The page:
Third, we must undertake more research to provide us with safe and effective antibiotics utilizing new mechanisms without the development of resistance.  My company is developing a new class of agents with a novel mechanism of action that kills pathogens without showing resistance.  Unfortunately, developing additional antibiotics in existing classes of compounds that are showing drug resistance may not help.  This is because bugs that have developed a resistance to a member of a specific class of drug—e.g. the fluoroquinolone class of antibiotics, like Cipro—can apply the same resistance mechanism to the rest of that class.  Resistance mechanisms can also be transferred to other bacteria, making the resistance issue a larger problem.  A recent example of the latter is the case of the New Delhi metallo-beta-lactamase (NDM-1) resistance.  

Fourth, when we attack bacteria with agents targeted against one particular cellular mechanism—for example, the way that the fluoroquinolones target DNA gyrase—the bugs simply mutate that mechanism to make it resistant, and then pass the mutation around until all bugs are resistant and the agent is useless. This will always be true of targeted agents, so we need more of these agents every few years, and limiting their use in agriculture (including aquaculture) is a great idea. We urgently need a parallel initiative in the development of multi-target agents that attack so many targets that the bugs cannot sidestep them. All bacteria are susceptible to phenol and chlorhexidine, even though these compounds have been used since Florence Nightingale. The trick, with multi-target agents, is to make sure that the human host is not one of the targets. Consequently, we need subtle agents that attack multiple bacterial targets, while being non-damaging to human tissues. Subtle and selective multi-target agents are the key to solving this huge problem. Bacteria cannot develop mutational resistance to them, and we understand the biofilm problems that confer non-mutational resistance to them. As a result, they are pivotal for our survival and should have fast-track treatment by all agencies.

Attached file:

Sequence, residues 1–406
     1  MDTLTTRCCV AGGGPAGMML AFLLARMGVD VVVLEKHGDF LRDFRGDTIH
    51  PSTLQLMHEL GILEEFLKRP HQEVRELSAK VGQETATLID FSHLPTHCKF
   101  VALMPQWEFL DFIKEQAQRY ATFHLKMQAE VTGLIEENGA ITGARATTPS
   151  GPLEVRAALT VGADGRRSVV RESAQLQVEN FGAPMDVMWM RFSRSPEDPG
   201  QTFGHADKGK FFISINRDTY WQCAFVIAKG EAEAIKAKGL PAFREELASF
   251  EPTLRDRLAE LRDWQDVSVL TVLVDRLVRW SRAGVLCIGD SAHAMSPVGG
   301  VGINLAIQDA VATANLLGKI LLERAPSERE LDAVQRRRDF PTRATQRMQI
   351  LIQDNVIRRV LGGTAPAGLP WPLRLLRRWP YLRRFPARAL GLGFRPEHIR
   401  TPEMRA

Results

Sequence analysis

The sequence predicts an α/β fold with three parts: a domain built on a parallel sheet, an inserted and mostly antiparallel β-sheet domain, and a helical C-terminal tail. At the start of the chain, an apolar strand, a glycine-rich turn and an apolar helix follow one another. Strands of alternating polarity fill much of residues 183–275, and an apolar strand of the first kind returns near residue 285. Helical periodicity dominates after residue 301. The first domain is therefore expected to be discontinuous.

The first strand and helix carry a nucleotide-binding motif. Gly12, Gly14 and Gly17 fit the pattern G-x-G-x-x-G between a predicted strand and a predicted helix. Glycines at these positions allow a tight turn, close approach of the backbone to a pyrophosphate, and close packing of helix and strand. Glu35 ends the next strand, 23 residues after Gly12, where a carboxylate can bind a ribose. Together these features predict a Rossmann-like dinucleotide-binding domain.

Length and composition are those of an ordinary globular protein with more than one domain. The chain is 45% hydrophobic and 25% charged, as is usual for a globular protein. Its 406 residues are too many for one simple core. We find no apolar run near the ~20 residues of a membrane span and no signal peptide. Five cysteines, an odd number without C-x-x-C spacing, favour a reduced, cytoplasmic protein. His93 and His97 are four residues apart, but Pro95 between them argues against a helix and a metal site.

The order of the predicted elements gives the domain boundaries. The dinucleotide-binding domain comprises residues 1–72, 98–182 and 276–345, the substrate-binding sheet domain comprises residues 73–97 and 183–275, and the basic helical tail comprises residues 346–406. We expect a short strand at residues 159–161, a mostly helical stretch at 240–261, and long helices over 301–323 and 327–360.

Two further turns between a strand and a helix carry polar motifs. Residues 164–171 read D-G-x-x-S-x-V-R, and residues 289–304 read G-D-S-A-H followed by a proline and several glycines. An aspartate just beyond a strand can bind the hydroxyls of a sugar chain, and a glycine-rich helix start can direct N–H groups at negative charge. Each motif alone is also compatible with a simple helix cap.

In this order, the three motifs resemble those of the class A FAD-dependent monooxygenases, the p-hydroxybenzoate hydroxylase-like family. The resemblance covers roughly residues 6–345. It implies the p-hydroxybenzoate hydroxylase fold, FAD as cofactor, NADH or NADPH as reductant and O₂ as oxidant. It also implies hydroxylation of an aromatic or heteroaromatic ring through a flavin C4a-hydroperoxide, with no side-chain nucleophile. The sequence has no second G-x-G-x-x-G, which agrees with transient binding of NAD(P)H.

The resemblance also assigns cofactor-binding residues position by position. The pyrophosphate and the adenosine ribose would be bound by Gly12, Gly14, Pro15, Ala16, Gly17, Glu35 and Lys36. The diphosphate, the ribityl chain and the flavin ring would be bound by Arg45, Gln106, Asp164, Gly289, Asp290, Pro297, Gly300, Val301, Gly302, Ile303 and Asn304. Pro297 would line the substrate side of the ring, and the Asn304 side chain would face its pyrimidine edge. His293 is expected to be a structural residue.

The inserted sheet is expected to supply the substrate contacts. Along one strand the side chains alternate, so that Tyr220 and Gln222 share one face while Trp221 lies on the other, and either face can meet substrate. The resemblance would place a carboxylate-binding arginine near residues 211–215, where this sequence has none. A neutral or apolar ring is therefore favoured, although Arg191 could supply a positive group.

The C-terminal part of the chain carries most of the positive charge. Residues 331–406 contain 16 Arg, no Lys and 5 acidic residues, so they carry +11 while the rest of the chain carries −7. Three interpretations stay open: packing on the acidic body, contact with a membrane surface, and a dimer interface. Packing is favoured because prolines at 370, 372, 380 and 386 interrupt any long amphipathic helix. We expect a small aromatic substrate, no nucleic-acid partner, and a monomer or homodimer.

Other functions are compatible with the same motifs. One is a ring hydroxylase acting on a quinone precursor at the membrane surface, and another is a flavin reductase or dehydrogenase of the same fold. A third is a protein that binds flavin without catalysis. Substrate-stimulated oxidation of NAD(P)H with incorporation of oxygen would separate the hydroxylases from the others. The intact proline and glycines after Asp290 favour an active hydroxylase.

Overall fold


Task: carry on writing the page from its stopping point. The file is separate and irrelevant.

Finally, we should encourage and incentivize the pharmaceutical and biotech industry to develop safe and effective non-antibiotic anti-infectives that could replace all topical antibiotics for eyes, skin, ear, over-the-counter antibiotics, etc.  Once a topical antibiotic develops resistance, that resistant gene will find its way into all sorts of pathogenic bacteria.  Bacteria love to share survival mechanisms.

Overall, we need to understand the sources of antibiotic resistance—whether it originates in farms, sewers, landfills, or other locations—and find ways to save our precious few antibiotics for systemic blood-borne infections.  We also must aim for appropriate use of antibiotics in humans and in our farm animals, have a better understanding and guidelines for infection control, and strongly encourage antibiotic stewardship.  Otherwise, the overall result will be fewer effective drugs to treat bad bugs.

About the Author

Ron Najafi, PhD is chairman and CEO of NovaBay Pharmaceuticals, Inc (Amex:NBY)., an Emeryville, CA-based biotechnology company developing anti-infective compounds for the treatment and prevention of antibiotic-resistant infections. He can be reached at [email protected]

Mr. Najafi authored and submitted this article solely for the purpose of providing key expert analysis and opinion. No compensation was exchanged by either party in consideration for the publication of this material. If you are a science or medical expert willing to share your specific intelligence with our readers through your own Expert Briefing, please contact us.